The Cu Chi Tunnels
Cu Chi Travel Blog› entry 17 of 23 › view all entries
We've booked a daytrip to the Cu Chi tunnels before we came to Vietnam. A young woman from Asian Trails arrives at our hotel lobby to pick us up, she’s only ten minutes late (we had grown accustomed to Vietnamese lateness and incapability of estimating of the duration of things).
After about an hour on the tour bus, we arrive at Cu Chi, where our guide takes us to a small roofing over of some sort, it looks like a meeting area. Here we can watch an audiovisual presentation about the tunnels.
I’m quite excited, and the images only increase the anticipation.
It’s a bit like getting into that Cessna-plane that flies over the Nazca lines in Peru. I knew I would have to throw in that Cessna, but I got on anyway. There is no way I would miss out on seeing those Nazca lines. I finished vomiting just in time to see the nicest lines, the one that form the hummingbird!
Anyway, the guide first shows us all kinds of booby traps, and some displays with puppets dressed up as Vietcong soldiers. My heart starts pounding the second she shows us a tiny entrance to a tunnel.
For a few seconds that seem to last an hour I can hear myself breathe heavily while I place the lid on top of the entrance. I close my eyes, try to imagine what it must be like to actually crawl into the tiny tunnel that stretches out at my feet, and then quickly remove the lid again. I drag myself out into the open again and try to stand on my shaking knees while acting casual. For a couple of minutes I keep on breathing heavily as if I had just run for a kilometer or so, and my legs seem to be made out of soft clay.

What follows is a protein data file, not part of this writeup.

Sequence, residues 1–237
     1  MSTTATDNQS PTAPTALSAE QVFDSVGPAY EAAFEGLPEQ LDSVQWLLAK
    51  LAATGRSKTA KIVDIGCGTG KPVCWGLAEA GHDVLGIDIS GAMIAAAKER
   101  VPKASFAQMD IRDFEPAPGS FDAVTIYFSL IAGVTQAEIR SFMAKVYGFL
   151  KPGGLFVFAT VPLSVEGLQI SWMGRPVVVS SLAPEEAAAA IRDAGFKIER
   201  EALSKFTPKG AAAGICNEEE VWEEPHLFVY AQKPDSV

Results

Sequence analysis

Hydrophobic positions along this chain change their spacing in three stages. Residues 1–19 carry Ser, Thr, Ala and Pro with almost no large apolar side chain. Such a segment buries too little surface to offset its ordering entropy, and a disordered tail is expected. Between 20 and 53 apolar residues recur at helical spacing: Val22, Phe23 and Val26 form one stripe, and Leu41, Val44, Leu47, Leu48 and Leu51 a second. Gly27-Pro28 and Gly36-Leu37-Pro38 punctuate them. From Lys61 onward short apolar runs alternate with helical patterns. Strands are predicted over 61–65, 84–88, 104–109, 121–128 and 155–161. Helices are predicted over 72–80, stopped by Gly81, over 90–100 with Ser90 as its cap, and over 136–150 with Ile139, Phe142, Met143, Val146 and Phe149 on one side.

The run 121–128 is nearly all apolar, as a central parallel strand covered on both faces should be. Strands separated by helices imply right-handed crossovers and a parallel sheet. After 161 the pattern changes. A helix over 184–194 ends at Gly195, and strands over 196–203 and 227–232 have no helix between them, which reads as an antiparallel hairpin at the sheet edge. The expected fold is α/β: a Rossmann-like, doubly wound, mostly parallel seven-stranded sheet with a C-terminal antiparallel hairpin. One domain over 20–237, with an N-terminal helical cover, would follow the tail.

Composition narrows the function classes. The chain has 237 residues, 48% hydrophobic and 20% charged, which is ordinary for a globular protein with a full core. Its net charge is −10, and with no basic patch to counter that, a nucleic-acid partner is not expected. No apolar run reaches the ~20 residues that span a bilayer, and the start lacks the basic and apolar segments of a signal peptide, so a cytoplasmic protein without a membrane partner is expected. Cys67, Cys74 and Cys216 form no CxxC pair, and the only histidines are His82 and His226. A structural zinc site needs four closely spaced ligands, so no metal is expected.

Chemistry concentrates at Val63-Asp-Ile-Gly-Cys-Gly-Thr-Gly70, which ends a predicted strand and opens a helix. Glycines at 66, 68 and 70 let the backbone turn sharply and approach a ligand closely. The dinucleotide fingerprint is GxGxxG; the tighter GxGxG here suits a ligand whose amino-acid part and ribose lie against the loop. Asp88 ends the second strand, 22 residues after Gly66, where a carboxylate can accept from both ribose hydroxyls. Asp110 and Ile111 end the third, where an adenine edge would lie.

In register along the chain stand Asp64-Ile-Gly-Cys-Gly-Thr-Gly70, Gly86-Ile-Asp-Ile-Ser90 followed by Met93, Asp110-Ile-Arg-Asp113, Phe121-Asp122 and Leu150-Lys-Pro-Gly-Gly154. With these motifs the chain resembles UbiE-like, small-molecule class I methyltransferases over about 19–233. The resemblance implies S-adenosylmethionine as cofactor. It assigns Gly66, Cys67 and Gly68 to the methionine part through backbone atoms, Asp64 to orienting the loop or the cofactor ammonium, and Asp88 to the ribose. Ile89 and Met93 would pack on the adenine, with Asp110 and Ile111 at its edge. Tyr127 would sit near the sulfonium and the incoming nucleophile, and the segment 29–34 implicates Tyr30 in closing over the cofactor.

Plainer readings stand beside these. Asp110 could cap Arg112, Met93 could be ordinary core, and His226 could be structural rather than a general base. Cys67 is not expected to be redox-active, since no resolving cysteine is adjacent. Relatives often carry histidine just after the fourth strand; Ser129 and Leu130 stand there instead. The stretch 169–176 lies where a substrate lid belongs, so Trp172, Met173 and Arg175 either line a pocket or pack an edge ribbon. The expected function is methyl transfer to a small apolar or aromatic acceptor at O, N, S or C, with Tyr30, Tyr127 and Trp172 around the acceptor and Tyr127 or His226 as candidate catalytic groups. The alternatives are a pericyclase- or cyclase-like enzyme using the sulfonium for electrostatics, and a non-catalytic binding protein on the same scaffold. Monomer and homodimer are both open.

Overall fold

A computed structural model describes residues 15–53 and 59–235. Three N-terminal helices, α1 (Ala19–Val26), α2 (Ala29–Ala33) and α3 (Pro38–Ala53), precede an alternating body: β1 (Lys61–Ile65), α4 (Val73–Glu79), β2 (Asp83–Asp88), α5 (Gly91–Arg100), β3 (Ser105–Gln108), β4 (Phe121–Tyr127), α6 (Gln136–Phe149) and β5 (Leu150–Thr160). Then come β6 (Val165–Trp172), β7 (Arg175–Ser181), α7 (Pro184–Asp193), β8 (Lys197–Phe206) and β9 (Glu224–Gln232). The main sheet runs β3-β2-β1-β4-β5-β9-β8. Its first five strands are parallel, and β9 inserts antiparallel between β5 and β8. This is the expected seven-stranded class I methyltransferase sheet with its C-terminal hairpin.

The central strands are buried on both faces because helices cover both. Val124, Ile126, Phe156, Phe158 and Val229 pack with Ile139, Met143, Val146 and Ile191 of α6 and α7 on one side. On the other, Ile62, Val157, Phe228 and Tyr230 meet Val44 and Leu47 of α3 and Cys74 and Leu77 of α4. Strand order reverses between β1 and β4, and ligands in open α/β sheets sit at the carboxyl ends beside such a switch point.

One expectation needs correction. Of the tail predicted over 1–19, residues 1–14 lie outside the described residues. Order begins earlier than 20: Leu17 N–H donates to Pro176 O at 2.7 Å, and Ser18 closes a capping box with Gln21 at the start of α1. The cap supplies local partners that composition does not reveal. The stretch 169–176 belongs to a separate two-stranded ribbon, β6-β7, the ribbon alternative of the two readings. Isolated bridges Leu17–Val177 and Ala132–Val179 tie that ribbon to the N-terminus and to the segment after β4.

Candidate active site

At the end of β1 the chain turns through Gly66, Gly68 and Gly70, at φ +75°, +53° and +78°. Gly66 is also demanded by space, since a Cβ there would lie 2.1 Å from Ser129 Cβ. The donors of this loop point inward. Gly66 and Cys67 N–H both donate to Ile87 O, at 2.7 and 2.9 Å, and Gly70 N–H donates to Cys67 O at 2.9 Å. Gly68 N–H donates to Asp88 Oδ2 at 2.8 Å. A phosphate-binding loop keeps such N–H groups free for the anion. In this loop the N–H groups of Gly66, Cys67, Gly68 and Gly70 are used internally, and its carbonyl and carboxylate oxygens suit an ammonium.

Our next stop are the actual tunnels, and even though I’m still shaky, I follow my husband into to low channel. They are quite dark and you can only move in a crouching manner. Rens is a couple of inches in front of me and as soon as I crouched I automatically grabbed his pants.
I don’t remember ever be as scared as I am while I’m slowly moving in that musty tunnel. I don’t know what it exactly is that I’m so afraid of, but the fact is I’m near hyperventilating and I’m sweating like crazy. After a short while we come across an intersection, we can choose to follow the tunnel for a bit longer, or we can get up. Since my husband has felt me clawing at his back the whole time, he drags me towards the exit.
As soon as I’ve left the tunnel, it’s as if I can breathe again.
I still can’t imagine how those brave men and women not only went through those tunnels on a regular basis, but also lived there. They had a kitchen, bedrooms, meeting rooms and even a hospital in cramped spaces. The sheer idea of this would give me nightmares!
I suppose I’m not cut out for guerilla war…